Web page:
The title of “Sign Painters” tells you exactly what this documentary’s about. Yet it’s also highly misleading. A movie with a title like that — about a subject like that — must be pretty drab, right? Not hardly. “Sign Painters,” which has been put together with equal parts affection and skill by directors
Faythe Levine and Sam Macon, is fresh and passionate and
The format couldn’t be simpler. Thirty or so sign painters — from Seattle to Coralville, Iowa, San Francisco to Mazeppa, Minn. (in other words, all over) — talk about what they do and demonstrate how it’s done. These guys, and nearly all are male, are smart and funny and full of beans. They’re at once disarmingly practical and full of artistic élan. As one Texan says, “I basically do it all for me, and it will work out for the dude if I like it” — the “dude” being the client. Clearly, they love what they do. The wonder of “Sign Painters” is that it manages to show why.
That love notwithstanding, the painters are disarmingly unillusioned. A favorite acronym is “I.O.A.F.S.”: it’s only a sign (you can guess what the “f” stands for). Phil Vandervaart, who once executed a 60-foot rendering of F. Scott Fitzgerald on an exterior wall in the Twin Cities, dismisses talk of “fine art.” “It’s meant to convey information and be attractive: be decorative and informative at the same time.”
These painters are real characters, with their tattoos and ponytails and lax dress code. The late Keith Knecht (the movie is dedicated to his memory) is a case in point. If he wasn’t the savviest guy in Toledo, Ohio, you definitely want to meet the guy who is. Knecht recalls a skinnier, unsoured Billy Wilder. In his floral-pattern shirt, he looks like a cross between a racetrack tout and defrocked philosopher.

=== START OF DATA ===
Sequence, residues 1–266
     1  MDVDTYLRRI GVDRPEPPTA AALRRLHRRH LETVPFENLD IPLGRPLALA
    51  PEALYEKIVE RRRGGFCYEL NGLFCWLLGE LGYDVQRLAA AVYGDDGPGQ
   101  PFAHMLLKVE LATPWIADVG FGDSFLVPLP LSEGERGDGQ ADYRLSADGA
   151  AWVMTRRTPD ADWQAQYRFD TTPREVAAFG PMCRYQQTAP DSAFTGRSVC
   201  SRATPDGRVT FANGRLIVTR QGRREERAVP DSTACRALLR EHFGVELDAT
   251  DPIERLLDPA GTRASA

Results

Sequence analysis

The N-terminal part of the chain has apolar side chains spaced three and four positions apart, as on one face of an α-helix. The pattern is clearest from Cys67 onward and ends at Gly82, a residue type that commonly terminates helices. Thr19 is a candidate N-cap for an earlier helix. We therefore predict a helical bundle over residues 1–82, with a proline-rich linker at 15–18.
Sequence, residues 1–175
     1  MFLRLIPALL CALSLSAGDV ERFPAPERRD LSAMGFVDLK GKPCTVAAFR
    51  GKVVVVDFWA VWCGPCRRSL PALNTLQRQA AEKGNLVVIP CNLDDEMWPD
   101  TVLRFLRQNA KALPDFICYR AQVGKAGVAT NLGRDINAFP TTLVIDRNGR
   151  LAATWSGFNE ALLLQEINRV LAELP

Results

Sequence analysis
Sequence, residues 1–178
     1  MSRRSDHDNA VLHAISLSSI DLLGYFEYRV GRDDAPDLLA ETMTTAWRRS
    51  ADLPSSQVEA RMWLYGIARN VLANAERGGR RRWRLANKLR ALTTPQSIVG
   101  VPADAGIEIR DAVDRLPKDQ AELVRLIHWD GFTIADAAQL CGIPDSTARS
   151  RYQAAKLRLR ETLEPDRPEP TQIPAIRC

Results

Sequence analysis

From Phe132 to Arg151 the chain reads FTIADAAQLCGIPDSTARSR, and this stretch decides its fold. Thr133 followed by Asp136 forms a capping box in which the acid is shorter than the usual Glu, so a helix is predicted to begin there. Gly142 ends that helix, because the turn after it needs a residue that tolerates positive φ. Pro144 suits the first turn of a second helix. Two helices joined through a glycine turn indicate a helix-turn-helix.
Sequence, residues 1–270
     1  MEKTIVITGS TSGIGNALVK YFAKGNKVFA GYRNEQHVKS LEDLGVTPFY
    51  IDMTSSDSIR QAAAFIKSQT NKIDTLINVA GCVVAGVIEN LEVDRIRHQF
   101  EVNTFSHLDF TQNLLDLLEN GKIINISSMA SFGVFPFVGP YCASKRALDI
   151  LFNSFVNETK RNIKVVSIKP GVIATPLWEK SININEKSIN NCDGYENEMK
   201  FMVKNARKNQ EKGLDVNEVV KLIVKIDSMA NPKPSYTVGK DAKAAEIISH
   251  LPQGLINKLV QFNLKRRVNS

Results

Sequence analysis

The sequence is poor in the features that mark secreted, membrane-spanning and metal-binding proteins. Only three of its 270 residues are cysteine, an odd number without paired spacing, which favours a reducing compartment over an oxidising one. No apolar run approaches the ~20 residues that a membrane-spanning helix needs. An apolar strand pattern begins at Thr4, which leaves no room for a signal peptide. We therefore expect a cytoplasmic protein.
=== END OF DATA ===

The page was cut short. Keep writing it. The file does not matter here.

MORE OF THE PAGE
“Sign Painters” is talky in the best — and rarest — sense of the word: the way that screwball comedy and Quentin Tarantino movies are. The words come fast and cut on the bias. When was the last time you’ve heard the term “viscosity breakdown” other than in a motor oil ad? There’s an exhilarating kineticism to the speech in “Sign Painters.” Maybe it’s because signs are by their nature static, and their makers feel a need to compensate via verbal motion.
The documentary balances the talk with displays of craft. We find out about gold leaf painting and stenciling. Typefaces and colors proliferate. There are truck brushes and dagger brushes and squirrel hair brushes and badger hair brushes. Sign painters are big on brushes.
Sign painting isn’t exactly booming. It’s that standard cyber-age saga, digital overtaking analog. “I don’t know too many people my age doing it,” laments a 35-year-old from the Bay Area. The debut of sign-making software, in 1982, made professional sign painting seem like a luxury. Why hire someone to execute something by hand when some software and a cutting machine can give you uniform vinyl letters But people still appreciate fine craftsmanship. In some ways, they now appreciate it even more. So even if there aren’t as many sign painters as before, and they don’t make the living they did, they’re still out there, brush in hand and gleam in eye. “ ‘Victory Over Vinyl,’ ” says Vandervaart, “that’s a good name for a sign shop.” The look on his face as the thought occurs to him is priceless.